• An active part of the Act Against AIDS campaign, the Act Against AIDS Leadership Initiative (AAALI) is a 6-year partnership between CDC and many of the country's leading organizations that represent the populations hardest hit by HIV.
AAALI was initially formed to intensify HIV prevention efforts in black communities, and has since expanded to include organizations that focus on black MSM and the Latino community, as well.
• In 2010, CDC announced a second 3-year expanded HIV testing program that builds on an initiative started in 2007 to increase HIV testing among blacks.
In the first 3 years of the project, more than 2.8 million tests were conducted and 18,432 people were newly diagnosed with HIV.
Most of the people tested (57.4%) and diagnosed with HIV (66%) were black.
The expanded program focuses on increasing HIV testing among blacks and Latinos, as well as among MSM and injection drug users of all races and ethnicities.

In 2012, this program was joined with CDC's HIV prevention efforts conducted by health departments.

• In September 2011, CDC funded 34 community-based organizations to expand HIV prevention services over 5 years for gay, bisexual, and transgender youth of color and their partners.

National Black HIV/AIDS Awareness Day
For 12 years, February 7 has been designated as National Black HIV/AIDS Awareness Day (NBHAAD).
This national community mobilization initiative motivates blacks to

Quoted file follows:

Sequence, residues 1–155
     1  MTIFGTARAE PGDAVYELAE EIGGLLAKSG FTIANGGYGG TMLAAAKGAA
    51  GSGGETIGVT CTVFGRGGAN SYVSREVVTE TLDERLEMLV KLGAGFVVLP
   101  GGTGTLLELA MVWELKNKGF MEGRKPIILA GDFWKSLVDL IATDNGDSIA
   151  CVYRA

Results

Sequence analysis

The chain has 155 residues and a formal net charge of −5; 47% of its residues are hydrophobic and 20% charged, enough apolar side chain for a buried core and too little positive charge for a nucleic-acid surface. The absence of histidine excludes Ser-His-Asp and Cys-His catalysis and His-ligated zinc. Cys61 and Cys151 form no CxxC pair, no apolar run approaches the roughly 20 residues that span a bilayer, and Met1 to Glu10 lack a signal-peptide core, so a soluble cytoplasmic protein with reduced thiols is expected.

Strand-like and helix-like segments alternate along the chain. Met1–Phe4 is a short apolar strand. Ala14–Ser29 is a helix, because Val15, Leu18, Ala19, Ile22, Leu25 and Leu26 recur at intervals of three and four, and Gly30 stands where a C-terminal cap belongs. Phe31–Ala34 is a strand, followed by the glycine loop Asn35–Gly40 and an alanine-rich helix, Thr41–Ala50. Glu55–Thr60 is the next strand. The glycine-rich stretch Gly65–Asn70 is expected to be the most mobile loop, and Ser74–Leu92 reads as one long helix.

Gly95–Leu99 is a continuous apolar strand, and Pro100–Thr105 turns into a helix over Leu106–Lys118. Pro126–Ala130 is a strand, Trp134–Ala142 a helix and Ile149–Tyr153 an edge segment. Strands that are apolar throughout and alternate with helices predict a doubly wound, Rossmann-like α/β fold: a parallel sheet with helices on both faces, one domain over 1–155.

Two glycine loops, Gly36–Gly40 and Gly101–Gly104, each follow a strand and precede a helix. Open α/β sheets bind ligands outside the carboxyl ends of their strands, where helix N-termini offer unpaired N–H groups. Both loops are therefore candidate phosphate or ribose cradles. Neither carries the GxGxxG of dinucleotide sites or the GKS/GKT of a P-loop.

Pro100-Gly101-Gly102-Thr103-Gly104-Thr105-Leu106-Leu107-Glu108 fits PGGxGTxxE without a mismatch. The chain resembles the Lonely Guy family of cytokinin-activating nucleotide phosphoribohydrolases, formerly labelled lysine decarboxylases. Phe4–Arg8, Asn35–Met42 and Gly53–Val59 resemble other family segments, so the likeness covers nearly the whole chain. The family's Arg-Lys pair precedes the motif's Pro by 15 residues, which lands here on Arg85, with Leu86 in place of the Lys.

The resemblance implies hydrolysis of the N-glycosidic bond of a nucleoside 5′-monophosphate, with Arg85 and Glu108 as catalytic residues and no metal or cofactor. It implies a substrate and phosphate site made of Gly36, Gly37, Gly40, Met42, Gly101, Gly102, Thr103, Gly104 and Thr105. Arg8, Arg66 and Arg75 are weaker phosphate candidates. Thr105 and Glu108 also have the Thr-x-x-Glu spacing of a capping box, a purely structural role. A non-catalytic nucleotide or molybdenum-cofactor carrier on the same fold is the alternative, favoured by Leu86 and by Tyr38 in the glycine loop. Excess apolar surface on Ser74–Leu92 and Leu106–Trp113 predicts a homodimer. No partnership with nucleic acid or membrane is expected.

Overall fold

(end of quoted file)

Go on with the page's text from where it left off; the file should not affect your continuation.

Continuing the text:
• Get educated about the basic facts related to HIV and AIDS, including how HIV is spread; this information is available on CDC's HIV website.
• Get tested to find out their HIV status. Knowing your status saves lives!
• Get involved in their local communities to raise HIV awareness and fight stigma associated with the disease.
• Get treated if they are living with HIV or are newly diagnosed.

The theme for 2012, I Am My Brother's/Sister's Keeper: Fight HIV/AIDS!, is centered around making sure that all black men, women, and young adults, regardless of sexual orientation, economic class, or educational level, see themselves as part of the solution to the HIV epidemic in black communities.

Τι εύκολα θα μπορούσε να πει το CDC οτι φταινε κυρίως οι μαύροι που φέρνουν όλα τα κακά στη χώρα...

Αναπόφευκτα κάνεις κάνει συγκρίσεις με το Ελληνικό Υπουργείο Υγείας και τα περί «Δημοσίων Κινδύνων» που αποτελούν οι μετανάστες, τα εκδιδόμενα άτομα, οι άστεγοι, με όλες αυτές τις υποτιθέμενες "ΜΥΣΤΙΚΕΣ ΕΚΘΕΣΕΙΣ" μεταξύ Υπουργών με μόνο στόχο την επικοινωνιακή εκτόνωση και το στιγματισμό ευάλωτων ομάδων

Δεν υπάρχουν σχόλια:

Δημοσίευση σχολίου

Σημείωση: Μόνο ένα μέλος αυτού του ιστολογίου μπορεί να αναρτήσει σχόλιο.